Cristina Amigoni: Yeah, definitely. We got enough comments afterwards and feedback afterwards. I'm like, “Yup, we were successful. That was a success.” Even without the feedback, I still walked away. Seems like that was successful. I didn't fall flat on my face physically and literally, at any point. Maybe I said a couple of things that I probably shouldn't have. That's up to debate on whether I figure it to leave or fell flat on my face. We delivered what we wanted to deliver. When we asked people to stand up and do a couple of the activities, they did stand up. It wasn't, “Oh my God, nobody’s standing up, so they're not even listening, or they don't care.” It was very interactive, which we wanted it to be, and we wanted people to experience what we were talking about, not just listen to it, and then take it home and figure out how to experience it.

 Because they had to pair up and talk to each other, and listen to each other, with certain guidelines, we had a hard time getting them to stop, we gave them a couple of minutes and getting them back to shut up, so that we can continue, was a challenge.

Alex Cullimore: Yeah. We got people really interested in this. It’s fun, though. I mean, it's really cooled to see it because we were – I was very worried. Personally, I don't know if you felt it, but like worried after lunch that we were going to hit a big lol or that people were going to be leaving, or there's just going to be – we were second to last. There's basically supposed to be like some wrap up comments after us. Everyone had basically every reason to be like, “I'm done listening now.” I've heard 40 people talk: I'm done. 

Cristina Amigoni: Yeah. I expected nine people to stay in the room, out of 120. If we're going to get nine, and seven of them are the organizing team, that’s a success. That was my success measure. We've got two friends who are also speaking.

Alex Cullimore: Those are the key low expectations?

Cristina Amigoni: Yes. We know that our two friends who also spoke are going to stick around. We know the organizers are going to stick around because they actually have to take home their props at the end of the day. So, if we get just nine people in the room, that’s a success.

Alex Cullimore: Plus be thinking about, you want to get to 10% of people with a message, then you're down to like only one person you have to reach. Might as well just have that individual conversation.

Cristina Amigoni: Instead, I think only a couple of people had flights, and so they left early. Everybody else was there, was present, was fully participating. I think one of the best comments we got afterwards was like, “That was awesome. It was so humanizing”, which when our just cause is to humanize the workplace and communities, well then, success, we're done. I don't really care what the other 119 people think. Just that comment. It was a success.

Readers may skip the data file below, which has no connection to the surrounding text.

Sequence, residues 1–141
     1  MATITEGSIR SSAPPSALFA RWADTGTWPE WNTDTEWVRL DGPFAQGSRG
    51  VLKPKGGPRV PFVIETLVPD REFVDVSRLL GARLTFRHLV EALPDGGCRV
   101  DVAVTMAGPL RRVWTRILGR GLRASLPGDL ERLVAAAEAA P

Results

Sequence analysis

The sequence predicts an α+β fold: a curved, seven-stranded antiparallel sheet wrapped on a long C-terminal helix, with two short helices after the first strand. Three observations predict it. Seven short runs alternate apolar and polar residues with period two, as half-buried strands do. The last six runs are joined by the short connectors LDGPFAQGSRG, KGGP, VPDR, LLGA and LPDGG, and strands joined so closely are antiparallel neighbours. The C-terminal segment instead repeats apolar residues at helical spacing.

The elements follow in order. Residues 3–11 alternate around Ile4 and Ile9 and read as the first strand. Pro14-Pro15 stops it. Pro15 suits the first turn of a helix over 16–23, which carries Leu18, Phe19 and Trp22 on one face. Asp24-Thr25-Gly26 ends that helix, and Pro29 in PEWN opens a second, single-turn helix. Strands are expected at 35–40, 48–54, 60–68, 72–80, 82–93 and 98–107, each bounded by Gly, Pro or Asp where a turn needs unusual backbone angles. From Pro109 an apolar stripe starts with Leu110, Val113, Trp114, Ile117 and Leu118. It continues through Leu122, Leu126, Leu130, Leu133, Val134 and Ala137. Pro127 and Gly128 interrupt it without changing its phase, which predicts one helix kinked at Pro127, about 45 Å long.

Alex Cullimore: Worth it. It was right after, as the blinders of being in tunnel vision start to lift as you're walking off the stage. That's when we got comment. I was like, “Okay, well, immediate validation.”

Cristina Amigoni: That was the point. That's what we tried to do everywhere. So, the fact that you use those words, and that's how you felt. That's it. You got value.

Alex Cullimore: That wasn't even how we suggested. We said human lead, but we didn't – maybe they talked about it being humanizing, and then went to some other verbs, it wasn't like, just repeat, it was nice. It’s nice to see they’re connected.

 Cristina Amigoni: It was. It definitely was. The other thing that I think was important, which we do in a lot of even the presentations we give in the workshops, and just the work that we do is the interactivity. I am pretty allergic to being talked at, and just the learning curve makes us so that when you are talked at for more than 20 minutes, you will forget everything after the first 20 minutes within, well, let's just say you won't even hear it after the first 20 minutes. Whatever you might have retained in the first 20 minutes, if there's no practical application of it, you will forget 90% after the first 24 hours.

So, it doesn't help anyone to be talked at. Given that there are some great presentations that have to happen in this certain way, and that's what it is. But there's a reason why TED talks are 15 minutes or 18 minutes. There's a neuroscience behind it. So, we wanted it to make it interactive. The other, I think, in other good comments that we got was from someone who said, when Bruce and Gail started at the beginning of the first day, and they said that they do improv, and they use elements of improv to do the work they do with groups. I was sure that they were going to ask us to do, to stand up and do skits and practice and they didn't.

I think this woman told us, like, I was so relieved that I never had to stand up and do anything and then you guys got the curveball. Get into a role-play, totally unexpected.

Alex Cullimore: I didn’t see that one coming.

Cristina Amigoni: Complete curveball, did not expect it from us. But that's a big part of it. You must experience something to take anything away from it. Even taking away, I hated that. It's still something, you're still taking it away. Then you can unpack if you want to. Why did you hate it? Mostly, probably because it was uncomfortable, probably because it pushed buttons, it was triggering in some way. It could be neutral, but the experience, it's crucial, which we also do a lot in our change management work.

Alex Cullimore: Yeah, that was a huge thing. I think setting that expectation of like, “Hey, this is going to be uncomfortable.” We do this step out of change management, literally every meeting, I think we start out with, “By the way, you, and everyone else here, sit in the middle of the change curve, you're probably feeling it. It's okay, this is to be expected. It's all part of how change happens, and this is what we introduced for the conference too.” We’re like, “Hey, there's going to be some activities. They're not complex, but they are difficult.” It's easy to understand the steps, it's hard to execute them.